Noncoding regulatory RNA molecules, also known as small RNAs, participate in several bacterial regulatory networks. The central component of the carbon storage regulator (Csr) and the homologous repressor of secondary metabolites (Rsm) systems is an RNA binding protein (CsrA or RsmA) that regulates gene expression post-transcriptionally by affecting ribosome binding and/or mRNA stability. Members of the CsrB family of noncoding regulatory RNA molecules contain multiple CsrA binding sites and function as CsrA antagonists by sequestering this protein. Depending on the particular organism, the Csr (or Rsm) system participates in global regulatory circuits that control central carbon flux, the production of extracellular products, cell motility, biofilm formation, quorum sensing and/or pathogenesis.
"In Bacillus spp., RsaE (similar to CsrA) is involved in translation initiation of the gene hag coding for flagellin, while the protein FliW sequesters it by binding to CsrA, thus preventing CsrA activity (Romeo et al. 2013). Members of the CsrB family of noncoding regulatory RNA molecules contain multiple CsrA binding sites and function as CsrA antagonists by sequestering this protein (Babitzke and Romeo 2007, Romeo et al. 2013). "
[Show abstract][Hide abstract] ABSTRACT: The review recapitulate the current knowledge on the roles and importance of non-coding RNAs (ncRNAs) and small RNAs in bacteria. Many new RNAs have been described either in Gram positive and Gram negative bacteria, and in particular RNAs involved in pathogenesis and tolerance to stresses. The review recapitulate the current knowledge on the roles and importance of non-coding RNAs (ncRNAs) and small RNAs in bacteria. Several cases of regulating and signaling RNAs are presented either in Gram positive and Gram negative bacteria, with a focus on bacterial RNAs involved in pathogenesis and stress responses. Examples of small RNAs and their mechanisms of action, transcriptional and post-transcriptional regulation, induction of new genes, increased stability of their targets or their destination to the degradation pathway.
"Similar to their Gram-negative counterparts, most sRNAs from Gram-positive species range from 50 to 250 nucleotides in length and, with notable exceptions (Balaban and Novick, 1995; Gimpel et al., 2010), do not encode for any proteins; rather, the RNA molecules themselves have intrinsic regulatory activity. For the most part, given the absence of the regulator-protein sequestering CsrB-like sRNAs from Gram-positive genomes (Babitzke and Romeo, 2007), sRNAs from Gram-positive organisms fulfil their regulatory activity by base-pairing to one or more target mRNAs, leading to an alteration in the stability and/or translation of the hybridized mRNAs. "
[Show abstract][Hide abstract] ABSTRACT: RNA-based mechanisms of regulation represent a ubiquitous class of regulators that are associated with diverse processes including nutrient sensing, stress response, modulation of horizontal gene transfer, and virulence factor expression. While better studied in Gram-negative bacteria, the literature is replete with examples of the importance of RNA-mediated regulatory mechanisms to the virulence and fitness of Gram-positives. Regulatory RNAs are classified as cis-acting, e.g. riboswitches, which modulate the transcription, translation, or stability of co-transcribed RNA, or trans-acting, e.g. small regulatory RNAs, which target separate mRNAs or proteins. The group A Streptococcus (GAS, Streptococcus pyogenes) is a Gram-positive bacterial pathogen from which several regulatory RNA mechanisms have been characterized. The study of RNA-mediated regulation in GAS has uncovered novel concepts with respect to how small regulatory RNAs may positively regulate target mRNA stability, and to how CRISPR RNAs are processed from longer precursors. This review provides an overview of RNA-mediated regulation in Gram-positive bacteria, and is highlighted with specific examples from GAS research. The key roles that these systems play in regulating bacterial virulence are discussed and future perspectives outlined.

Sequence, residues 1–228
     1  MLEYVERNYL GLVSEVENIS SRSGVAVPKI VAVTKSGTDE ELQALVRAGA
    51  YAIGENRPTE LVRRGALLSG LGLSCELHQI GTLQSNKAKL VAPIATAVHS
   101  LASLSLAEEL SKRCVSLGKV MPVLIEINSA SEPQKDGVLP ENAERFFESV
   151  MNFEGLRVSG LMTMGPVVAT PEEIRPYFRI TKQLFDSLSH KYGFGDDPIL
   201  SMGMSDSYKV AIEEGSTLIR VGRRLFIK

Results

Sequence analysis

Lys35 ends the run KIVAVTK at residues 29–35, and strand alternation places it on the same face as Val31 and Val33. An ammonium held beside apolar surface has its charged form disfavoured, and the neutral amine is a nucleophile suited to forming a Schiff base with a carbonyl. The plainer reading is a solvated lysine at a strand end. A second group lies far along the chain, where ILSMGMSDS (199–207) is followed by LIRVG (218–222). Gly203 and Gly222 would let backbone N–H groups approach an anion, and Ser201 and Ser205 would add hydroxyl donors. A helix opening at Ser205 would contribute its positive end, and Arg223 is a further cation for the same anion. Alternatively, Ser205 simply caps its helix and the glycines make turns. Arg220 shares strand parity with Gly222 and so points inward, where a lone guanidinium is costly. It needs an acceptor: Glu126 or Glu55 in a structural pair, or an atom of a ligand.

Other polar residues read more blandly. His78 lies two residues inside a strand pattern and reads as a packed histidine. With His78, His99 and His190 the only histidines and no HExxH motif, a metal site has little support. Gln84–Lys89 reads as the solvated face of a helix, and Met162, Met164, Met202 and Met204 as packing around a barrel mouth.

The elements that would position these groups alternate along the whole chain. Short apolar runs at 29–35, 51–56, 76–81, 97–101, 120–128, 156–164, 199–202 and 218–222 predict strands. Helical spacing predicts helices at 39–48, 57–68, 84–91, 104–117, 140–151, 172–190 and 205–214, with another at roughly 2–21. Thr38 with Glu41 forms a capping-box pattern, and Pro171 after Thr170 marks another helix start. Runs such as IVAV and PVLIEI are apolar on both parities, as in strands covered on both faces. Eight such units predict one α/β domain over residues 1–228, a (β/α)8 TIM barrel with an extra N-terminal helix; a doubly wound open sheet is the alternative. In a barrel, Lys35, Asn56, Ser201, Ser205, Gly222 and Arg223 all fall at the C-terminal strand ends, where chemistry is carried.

"The key regulators of CsrA activity are CsrB-like sRNAs which act as decoys of the protein. These sRNAs, of which many bacteria encode more than one copy, carry multiple high-affinity sites containing the GGA motif and thereby titrate CsrA away from its target mRNAs (Babitzke and Romeo, 2007). "
[Show abstract][Hide abstract] ABSTRACT: Enteric pathogens often cycle between virulent and saprophytic lifestyles. To endure these frequent changes in nutrient availability and composition bacteria possess an arsenal of regulatory and metabolic genes allowing rapid adaptation and high flexibility. While numerous proteins have been characterized with regard to metabolic control in pathogenic bacteria, small non-coding RNAs have emerged as additional regulators of metabolism. Recent advances in sequencing technology have vastly increased the number of candidate regulatory RNAs and several of them have been found to act at the interface of bacterial metabolism and virulence factor expression. Importantly, studying these riboregulators has not only provided insight into their metabolic control functions but also revealed new mechanisms of post-transcriptional gene control. This review will focus on the recent advances in this area of host-microbe interaction and discuss how regulatory small RNAs may help coordinate metabolism and virulence of enteric pathogens.
Frontiers in Cellular and Infection Microbiology 07/2014; 4:91. DOI:10.3389/fcimb.2014.00091 · 3.72 Impact Factor
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